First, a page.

Since Bilski, the USPTO has been understandably struggling with its patentable subject matter procedures. This is especially true in the area of computer software.
U.S. Patent No. 8,196,213 issued this week to Microsoft and is directed to a method of verifying un-trusted code. The original application included claims directed toward “a computer readable storage medium” loaded with varous instructions arranged in a novel manner. In July 2011, however, the examiner and the art unit’s Supervising Patent Examiner (SPE) mailed a final rejection of the claim based upon their conclusion that the claim impermissible encompassed unpatentable subject matter under 35 U.S.C. 101. The examiners reasoned that the storage medium classification was broad enough to include signals and that signals are unpatentable under Section 101. See 1351 Off. Gaz. Pat. Office 212 (Feb 23, 2012).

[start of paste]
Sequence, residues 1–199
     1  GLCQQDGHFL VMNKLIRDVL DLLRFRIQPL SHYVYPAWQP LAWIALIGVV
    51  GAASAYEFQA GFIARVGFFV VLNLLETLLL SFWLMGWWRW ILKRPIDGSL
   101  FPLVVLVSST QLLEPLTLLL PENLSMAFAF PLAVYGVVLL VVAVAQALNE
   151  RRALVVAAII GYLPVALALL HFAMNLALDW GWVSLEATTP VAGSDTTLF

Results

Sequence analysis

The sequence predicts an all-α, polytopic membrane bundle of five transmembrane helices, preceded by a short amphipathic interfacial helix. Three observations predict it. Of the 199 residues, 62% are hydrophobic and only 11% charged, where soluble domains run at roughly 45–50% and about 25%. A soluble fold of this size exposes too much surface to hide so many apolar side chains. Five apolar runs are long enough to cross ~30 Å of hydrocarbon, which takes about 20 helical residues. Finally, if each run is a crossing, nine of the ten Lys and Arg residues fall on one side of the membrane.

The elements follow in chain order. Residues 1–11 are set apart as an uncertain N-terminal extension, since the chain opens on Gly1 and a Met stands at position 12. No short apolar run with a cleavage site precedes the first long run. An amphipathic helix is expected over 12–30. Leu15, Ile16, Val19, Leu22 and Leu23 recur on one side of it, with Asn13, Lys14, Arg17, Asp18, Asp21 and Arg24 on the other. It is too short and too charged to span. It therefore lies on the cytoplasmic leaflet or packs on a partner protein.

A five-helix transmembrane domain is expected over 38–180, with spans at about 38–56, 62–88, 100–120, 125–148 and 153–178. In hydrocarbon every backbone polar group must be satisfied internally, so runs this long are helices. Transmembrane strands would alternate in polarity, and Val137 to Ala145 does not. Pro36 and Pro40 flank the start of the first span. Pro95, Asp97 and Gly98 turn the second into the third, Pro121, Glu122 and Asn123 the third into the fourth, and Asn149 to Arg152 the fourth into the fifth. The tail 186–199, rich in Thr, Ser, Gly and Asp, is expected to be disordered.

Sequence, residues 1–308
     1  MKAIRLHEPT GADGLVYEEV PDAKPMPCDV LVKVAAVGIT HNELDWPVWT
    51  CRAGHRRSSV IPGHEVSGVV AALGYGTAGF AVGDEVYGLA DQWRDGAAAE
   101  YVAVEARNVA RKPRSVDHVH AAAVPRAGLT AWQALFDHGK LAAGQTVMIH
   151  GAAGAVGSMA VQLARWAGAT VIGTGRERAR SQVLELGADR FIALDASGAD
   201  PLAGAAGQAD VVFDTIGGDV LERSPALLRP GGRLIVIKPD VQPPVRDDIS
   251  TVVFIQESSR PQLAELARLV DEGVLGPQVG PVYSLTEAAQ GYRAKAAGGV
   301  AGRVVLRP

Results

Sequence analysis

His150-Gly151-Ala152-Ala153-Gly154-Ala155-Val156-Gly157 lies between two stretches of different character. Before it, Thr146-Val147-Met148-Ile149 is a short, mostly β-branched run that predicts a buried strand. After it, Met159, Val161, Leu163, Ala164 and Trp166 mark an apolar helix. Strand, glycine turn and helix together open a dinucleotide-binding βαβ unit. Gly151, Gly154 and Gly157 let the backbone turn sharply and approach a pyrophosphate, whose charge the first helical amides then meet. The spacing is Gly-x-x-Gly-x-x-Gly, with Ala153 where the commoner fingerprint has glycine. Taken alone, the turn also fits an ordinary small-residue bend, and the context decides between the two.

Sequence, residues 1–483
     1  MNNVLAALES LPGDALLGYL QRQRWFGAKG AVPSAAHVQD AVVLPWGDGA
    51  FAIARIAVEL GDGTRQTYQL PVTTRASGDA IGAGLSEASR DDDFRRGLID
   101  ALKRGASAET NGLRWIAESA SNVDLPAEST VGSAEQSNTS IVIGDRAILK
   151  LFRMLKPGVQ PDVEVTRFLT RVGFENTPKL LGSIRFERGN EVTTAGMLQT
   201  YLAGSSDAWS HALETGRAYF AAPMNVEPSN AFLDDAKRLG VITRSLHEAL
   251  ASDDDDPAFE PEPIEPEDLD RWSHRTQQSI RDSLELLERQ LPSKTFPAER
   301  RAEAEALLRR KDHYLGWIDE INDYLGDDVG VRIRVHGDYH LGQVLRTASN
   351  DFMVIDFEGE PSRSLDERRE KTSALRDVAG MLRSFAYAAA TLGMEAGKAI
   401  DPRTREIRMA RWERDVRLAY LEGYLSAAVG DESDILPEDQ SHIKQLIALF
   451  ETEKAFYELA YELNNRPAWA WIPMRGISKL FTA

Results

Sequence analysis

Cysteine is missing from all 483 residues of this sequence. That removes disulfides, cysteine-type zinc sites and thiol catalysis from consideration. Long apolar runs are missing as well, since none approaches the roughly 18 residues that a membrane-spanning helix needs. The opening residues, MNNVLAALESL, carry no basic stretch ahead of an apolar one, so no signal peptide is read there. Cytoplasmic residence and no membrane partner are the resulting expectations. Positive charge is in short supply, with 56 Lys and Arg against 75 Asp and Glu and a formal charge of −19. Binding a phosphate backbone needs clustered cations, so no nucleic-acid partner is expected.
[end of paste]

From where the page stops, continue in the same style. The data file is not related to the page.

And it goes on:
In response, Microsoft amended the claims – adding an express limitation that excludes signals. The amended claim begins: “1. A computer readable storage medium excluding signals . . . ” This change satisfied the PTO and the patent quickly issued.
The original patent document never discusses signals and only defines computer readable media by reference to various elements “which can store data that is accessible by a computer, such as magnetic cassettes, flash memory cards, digital video disks, Bernoulli cartridges, random access memories (RAMs), read only memories (ROMs) and the like may also be used in the exemplary operating environment.”
The Question: Should the PTO have rejected the amendment for failing the written description requirement?